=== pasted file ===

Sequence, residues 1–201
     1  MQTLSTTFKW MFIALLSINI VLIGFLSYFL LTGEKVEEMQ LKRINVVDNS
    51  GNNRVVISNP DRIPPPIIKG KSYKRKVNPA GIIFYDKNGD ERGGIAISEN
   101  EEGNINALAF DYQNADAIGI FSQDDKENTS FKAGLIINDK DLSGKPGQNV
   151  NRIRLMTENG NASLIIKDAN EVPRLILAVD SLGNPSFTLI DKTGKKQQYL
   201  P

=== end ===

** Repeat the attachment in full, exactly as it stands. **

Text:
Sequence, residues 1–201
     1  MQTLSTTFKW MFIALLSINI VLIGFLSYFL LTGEKVEEMQ LKRINVVDNS
    51  GNNRVVISNP DRIPPPIIKG KSYKRKVNPA GIIFYDKNGD ERGGIAISEN
   101  EEGNINALAF DYQNADAIGI FSQDDKENTS FKAGLIINDK DLSGKPGQNV
   151  NRIRLMTENG NASLIIKDAN EVPRLILAVD SLGNPSFTLI DKTGKKQQYL
   201  P